Kenya vows to challenge ICC case
Nairobi - The Kenyan government on Wednesday said it would challenge the International Criminal Court's jurisdiction and the admissibility of its case against six men suspected of crimes against humanity.
The Hague-based ICC issued summonses for the six - who include ministers and the son of Kenya's founding president - on Tuesday, in a fresh bid towards trying the main masterminds of deadly 2007-2008 post-election violence.
The six suspects vowed to obey the order to appear in The Hague on April 7 but a government statement signed by Kenya's interior and justice ministers, as well as the attorney general, vowed to fight the ICC's case.
"The government will challenge the admissibility of the cases as well as the jurisdiction of the court," the statement said.
The brief statement argued that the Rome Statute that set up the court authorises those who are summoned or their government to challenge the case and the court.
Key suspect Finance Minister Uhuru Kenyatta, considered one of Kenya's most powerful men and the son of the country's founding president, even said he was happy to be heading to The Hague.
"In light of the recent developments at the ICC, I wish to state that I welcome the decision by the judges to issue a summons," he said. Prove his innocence
"I am grateful that I will finally have the opportunity to be heard and am entirely confident of my innocence," Kenyatta added in a statement.
William Ruto, a former cabinet minister who was another of the top names on Ocampo's list, spoke through his lawyer Katwa Kigen.
"We are ready to go to the Hague. He will face the court and defend himself," Katwa said. "My client will prove his innocence before the court."
The charges include murder, deportation, rape, inhumane acts, persecution and torture.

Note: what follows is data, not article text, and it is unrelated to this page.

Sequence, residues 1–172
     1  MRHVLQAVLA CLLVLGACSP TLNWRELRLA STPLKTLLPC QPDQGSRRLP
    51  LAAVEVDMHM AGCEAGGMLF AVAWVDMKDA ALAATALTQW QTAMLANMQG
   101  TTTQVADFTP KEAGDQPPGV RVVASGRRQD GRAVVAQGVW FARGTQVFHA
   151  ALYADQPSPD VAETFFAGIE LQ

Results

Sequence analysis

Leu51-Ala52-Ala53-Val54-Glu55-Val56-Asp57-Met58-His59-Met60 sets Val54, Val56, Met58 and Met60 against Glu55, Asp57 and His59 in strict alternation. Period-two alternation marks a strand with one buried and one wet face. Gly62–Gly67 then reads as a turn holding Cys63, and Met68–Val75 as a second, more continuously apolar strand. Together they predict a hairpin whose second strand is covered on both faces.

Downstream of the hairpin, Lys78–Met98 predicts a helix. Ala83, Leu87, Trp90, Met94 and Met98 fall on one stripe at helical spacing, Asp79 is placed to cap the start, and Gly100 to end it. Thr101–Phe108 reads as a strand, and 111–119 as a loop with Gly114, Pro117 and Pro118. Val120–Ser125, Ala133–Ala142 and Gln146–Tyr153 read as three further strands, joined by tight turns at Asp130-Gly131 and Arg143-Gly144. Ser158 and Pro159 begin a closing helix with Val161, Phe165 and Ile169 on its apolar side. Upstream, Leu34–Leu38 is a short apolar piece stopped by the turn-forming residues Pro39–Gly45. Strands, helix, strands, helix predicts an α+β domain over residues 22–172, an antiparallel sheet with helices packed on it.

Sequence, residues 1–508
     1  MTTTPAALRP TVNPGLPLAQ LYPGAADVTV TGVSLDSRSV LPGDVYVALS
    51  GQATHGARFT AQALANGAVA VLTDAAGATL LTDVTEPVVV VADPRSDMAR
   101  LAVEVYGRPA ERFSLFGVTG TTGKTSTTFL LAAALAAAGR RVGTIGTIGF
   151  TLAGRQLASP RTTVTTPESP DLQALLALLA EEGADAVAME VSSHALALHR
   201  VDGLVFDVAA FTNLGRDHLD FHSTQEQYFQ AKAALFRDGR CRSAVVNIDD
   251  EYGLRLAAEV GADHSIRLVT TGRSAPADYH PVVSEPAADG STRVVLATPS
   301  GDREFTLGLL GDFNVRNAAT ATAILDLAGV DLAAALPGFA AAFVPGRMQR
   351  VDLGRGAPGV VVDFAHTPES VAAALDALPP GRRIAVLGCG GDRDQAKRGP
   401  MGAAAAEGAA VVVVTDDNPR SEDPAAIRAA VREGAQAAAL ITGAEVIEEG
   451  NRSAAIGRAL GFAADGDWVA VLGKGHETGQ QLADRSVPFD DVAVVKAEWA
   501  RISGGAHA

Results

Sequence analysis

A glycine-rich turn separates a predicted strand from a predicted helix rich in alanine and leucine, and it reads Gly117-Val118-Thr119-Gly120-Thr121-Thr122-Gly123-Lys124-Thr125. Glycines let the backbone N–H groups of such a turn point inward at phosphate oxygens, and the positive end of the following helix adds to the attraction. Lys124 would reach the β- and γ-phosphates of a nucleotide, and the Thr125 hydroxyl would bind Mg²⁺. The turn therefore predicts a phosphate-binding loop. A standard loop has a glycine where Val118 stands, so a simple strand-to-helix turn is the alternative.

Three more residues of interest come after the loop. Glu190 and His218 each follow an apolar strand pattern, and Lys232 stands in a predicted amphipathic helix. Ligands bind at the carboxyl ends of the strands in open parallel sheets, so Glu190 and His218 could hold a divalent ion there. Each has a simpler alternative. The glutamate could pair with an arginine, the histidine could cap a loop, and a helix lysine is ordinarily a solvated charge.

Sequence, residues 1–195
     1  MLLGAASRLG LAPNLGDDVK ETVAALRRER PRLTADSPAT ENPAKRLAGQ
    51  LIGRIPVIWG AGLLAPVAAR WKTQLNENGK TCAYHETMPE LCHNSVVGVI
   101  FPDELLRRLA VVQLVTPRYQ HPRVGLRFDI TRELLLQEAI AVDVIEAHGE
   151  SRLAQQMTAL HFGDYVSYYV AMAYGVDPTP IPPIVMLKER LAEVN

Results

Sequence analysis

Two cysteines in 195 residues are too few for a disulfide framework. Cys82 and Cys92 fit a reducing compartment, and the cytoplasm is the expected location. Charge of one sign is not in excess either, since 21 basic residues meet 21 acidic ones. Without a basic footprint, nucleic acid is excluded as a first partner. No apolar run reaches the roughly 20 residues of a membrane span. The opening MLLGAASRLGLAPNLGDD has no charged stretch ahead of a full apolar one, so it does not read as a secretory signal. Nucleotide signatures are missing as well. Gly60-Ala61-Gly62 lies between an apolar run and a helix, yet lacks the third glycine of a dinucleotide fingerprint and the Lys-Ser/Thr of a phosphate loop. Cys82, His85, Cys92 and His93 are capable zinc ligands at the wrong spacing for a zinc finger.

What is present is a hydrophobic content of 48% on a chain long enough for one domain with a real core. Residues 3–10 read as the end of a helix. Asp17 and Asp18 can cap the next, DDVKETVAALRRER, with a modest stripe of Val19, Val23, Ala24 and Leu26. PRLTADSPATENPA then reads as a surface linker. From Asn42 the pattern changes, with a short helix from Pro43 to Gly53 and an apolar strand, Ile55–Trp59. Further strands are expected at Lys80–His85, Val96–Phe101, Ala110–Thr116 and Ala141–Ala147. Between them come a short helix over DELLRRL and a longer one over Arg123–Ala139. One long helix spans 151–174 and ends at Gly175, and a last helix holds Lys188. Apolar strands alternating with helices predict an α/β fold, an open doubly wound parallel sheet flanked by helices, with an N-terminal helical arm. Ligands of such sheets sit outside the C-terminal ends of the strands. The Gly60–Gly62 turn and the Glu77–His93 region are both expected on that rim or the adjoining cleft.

It divides the six into two groups, ordering Kenyatta, public service head Francis Muthaura and former police chief Mohammed Hussein Ali to appear at 14:30 (13:30 GMT) on April 7.
Muthaura said in a statement that he will "co-operate and abide by all decisions that may be issued by the judges of the ICC and undertake to comply with any and all conditions that may be required of me".
Sacked education minister William Ruto, former industrialisation minister Henry Kosgey and radio executive Joshua arap Sang must appear at 09:30.Voluntarily appear
Sang, Ali and Kosgey also said they would voluntarily appear in court.
The judges found reasonable grounds to believe that the Kenyatta group was responsible for attacks against supporters of Raila Odinga's Orange Democratic Movement (ODM) with a view to keeping Mwai Kibaki's Party for National Unity (PNU) in power.
The group of Ruto, Kosgey and Sang, on the other hand, were believed to have been part of a plan "targeting members of the civilian population supporting the PNU, in order to punish them and evict them from the Rift Valley with the ultimate goal of gaining power and creating a uniform ODM voting block".
Kenyan lawmakers late last year moved a motion to support Kenya's withdrawal from the ICC and several leading figures of the state have vehemently opposed the ICC's intervention.
The summonses came as Kenyan Vice President Kalonzo Musyoka was at the United Nations to meet with senior officials and lobby for the deferral of the case against the six.